Washington State-Oregon: Ducks Get Back on Track, Run Over Cougs 63-17

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Washington State-Oregon: Ducks Get Back on Track, Run Over Cougs 63-17

It was the best of times, it was the worst of times...

Saturday afternoon in Pullman, Wash., Cougar Nation was buzzing about the prospects of their Washington State Cougars playing football in Martin Stadium.  Stands were packed with fans in crimson gear enjoying a spectacular fall day in the sun, one that couldn't be matched anywhere else. 

Coming off a decisive win over Portland State, the excitement and anticipation for the opening kickoff between the Cougs and Oregon was palpable.

Heck, Cougar Nation was giddy, believing that they have waited long enough for the much-needed turnaround of the football program at WSU.

It seemed time to put the memory of the past three seasons of mediocrity behind.

Coach Paul Wulff and his staff enjoyed a positive week of practice and instilled confidence in so many.  The Cougs were going to post back-to-back wins, ignoring the fact that they were three-touchdown underdogs in their house!

That's what Cougar Nation was hearing—OK, that's what Cougar Nation wanted to hear.  More of that winning thing, please.

By the time the final gun sounded to complete a 60-minute total dismantling of the Cougs by Coach Mike Bellotti and the Ducks, only the stout-hearted witnessed Marshall Lobbestael engineering a second touchdown drive that narrowed the final margin of victory to a mere 49 points.  Yikes!

Oregon's defeat of Washington State in front of a Homecoming crowd looks even worse than the final margin of victory when you factor in the play calling of the Ducks.  Coach Bellotti didn't even go 10 pages deep into his playbook.  Didn't have to.  His offensive line completely controlled the line of scrimmage.

When a Coug lineman managed to play off a block, he missed the tackle.  If this game were a midterm exam, the defensive line didn't flunk the test because they didn't even show up.  Give them an "incomplete."

The Cougar defense was trying to shoot down the Ducks with water pistols.  That's right.  Water pistols.  You think Ducks don't like water?

Forget it.

In the midst of the hard times Cougar football has fallen on, there are some curious characteristics of this team that stand out.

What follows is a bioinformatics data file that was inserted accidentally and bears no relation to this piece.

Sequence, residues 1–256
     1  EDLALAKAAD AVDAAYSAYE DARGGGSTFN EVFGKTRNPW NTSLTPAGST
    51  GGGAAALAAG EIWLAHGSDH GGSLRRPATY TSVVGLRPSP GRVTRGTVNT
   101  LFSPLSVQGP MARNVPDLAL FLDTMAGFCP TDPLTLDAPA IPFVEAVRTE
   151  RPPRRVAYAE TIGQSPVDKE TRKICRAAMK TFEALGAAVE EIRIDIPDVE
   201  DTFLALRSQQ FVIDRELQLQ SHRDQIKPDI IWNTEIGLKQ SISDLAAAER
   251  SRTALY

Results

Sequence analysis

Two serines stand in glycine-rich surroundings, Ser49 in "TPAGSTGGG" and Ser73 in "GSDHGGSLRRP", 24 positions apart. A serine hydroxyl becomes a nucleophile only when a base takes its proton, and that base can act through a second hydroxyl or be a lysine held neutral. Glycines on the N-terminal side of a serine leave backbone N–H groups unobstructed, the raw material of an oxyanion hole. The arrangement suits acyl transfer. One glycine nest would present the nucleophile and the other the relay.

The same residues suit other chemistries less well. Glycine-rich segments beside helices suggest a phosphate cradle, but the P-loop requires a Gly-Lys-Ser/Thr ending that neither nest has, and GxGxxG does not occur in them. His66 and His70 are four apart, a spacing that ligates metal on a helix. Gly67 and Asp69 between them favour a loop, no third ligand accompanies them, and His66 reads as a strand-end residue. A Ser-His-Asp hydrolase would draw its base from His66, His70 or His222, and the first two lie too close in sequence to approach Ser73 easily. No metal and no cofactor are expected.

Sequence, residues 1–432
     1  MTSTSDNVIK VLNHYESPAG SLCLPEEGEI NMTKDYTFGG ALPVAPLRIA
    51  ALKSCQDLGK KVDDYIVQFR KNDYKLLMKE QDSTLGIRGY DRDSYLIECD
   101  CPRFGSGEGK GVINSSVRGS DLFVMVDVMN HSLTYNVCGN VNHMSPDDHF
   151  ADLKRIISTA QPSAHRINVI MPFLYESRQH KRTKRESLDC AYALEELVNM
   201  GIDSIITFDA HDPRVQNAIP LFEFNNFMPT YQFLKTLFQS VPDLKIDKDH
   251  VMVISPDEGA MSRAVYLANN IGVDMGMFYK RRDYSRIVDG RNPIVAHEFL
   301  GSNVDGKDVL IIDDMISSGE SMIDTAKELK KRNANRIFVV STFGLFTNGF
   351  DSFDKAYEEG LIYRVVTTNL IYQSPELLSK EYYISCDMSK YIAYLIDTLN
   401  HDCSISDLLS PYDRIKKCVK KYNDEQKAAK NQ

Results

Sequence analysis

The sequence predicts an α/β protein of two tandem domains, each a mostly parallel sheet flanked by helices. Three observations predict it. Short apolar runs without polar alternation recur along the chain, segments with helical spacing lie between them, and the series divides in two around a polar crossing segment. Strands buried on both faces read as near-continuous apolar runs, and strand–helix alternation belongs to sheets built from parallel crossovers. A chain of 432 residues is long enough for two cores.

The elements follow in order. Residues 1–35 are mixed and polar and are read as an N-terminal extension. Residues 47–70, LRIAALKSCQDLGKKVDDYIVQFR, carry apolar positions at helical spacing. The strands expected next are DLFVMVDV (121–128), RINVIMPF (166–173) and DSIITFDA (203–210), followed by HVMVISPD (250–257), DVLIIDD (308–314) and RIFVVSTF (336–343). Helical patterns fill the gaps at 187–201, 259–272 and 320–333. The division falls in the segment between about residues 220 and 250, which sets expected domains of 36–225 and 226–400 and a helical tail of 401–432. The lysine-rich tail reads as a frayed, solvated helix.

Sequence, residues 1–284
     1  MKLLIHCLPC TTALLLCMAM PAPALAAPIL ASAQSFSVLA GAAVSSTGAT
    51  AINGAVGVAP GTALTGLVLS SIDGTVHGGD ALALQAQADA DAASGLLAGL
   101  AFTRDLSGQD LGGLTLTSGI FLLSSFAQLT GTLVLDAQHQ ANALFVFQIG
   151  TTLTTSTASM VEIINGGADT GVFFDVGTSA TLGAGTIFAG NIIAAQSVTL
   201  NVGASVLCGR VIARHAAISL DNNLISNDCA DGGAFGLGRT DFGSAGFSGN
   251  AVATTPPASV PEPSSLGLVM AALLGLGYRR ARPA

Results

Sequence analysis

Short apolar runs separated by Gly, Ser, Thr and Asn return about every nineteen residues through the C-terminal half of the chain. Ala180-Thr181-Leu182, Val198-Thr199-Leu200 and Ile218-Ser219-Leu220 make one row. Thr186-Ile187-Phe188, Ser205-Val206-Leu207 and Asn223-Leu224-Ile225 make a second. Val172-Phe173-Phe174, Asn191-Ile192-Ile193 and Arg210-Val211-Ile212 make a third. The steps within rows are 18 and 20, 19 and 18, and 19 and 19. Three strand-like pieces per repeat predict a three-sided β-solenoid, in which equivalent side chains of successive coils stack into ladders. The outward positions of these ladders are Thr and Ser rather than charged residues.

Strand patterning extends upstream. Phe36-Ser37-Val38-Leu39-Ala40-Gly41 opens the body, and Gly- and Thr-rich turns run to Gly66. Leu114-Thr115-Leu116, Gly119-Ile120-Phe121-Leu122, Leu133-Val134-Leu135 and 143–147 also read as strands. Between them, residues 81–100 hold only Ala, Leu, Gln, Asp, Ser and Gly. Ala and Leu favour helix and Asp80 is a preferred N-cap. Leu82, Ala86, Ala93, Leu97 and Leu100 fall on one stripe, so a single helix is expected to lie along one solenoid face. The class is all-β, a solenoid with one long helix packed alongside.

Anyone who watched at least the first three quarters of the game Saturday couldn't have missed the fine play by Lobbestael.  Forget the few mistakes the redshirt freshman made.  He played a darn good game despite the situation his team found itself in just about three minutes into the first quarter.

There wasn't the usual fatigue shown by a first-time starter after being hammered again and again by onrushing linemen and linebackers.  No, Lobbestael played with competitive fire until he led his teammates off the field at the end of the game.

Make no mistake, Lobbestael looks like the future of Cougar offensive football.  The homework he did preparing for the game paid off if you look at his performance in the context of the present state of WSU football.

Did anyone notice that instead of standing on the sidelines Sunday for an NFL team, Cougar wide receiver Brandon Gibson was playing like the All-American candidate he is?

Gibson is a reminder of some of the best players to come through WSU.  He is a talented athlete who plays with tremendous passion.  The impact Gibson is having on this team will be felt not just this season, but in years to come.

This guy loves the game and loves his university, and it shows.  That's contagious stuff.  Period.

The best of Cougar football is on the horizon.

The worst of Cougar football is right in front of us.

Can Coach Wulff and his staff mold a team that will put the current state of Cougar football in the rear-view mirror?

Perhaps we'll find out if a corner has been turned next weekend.

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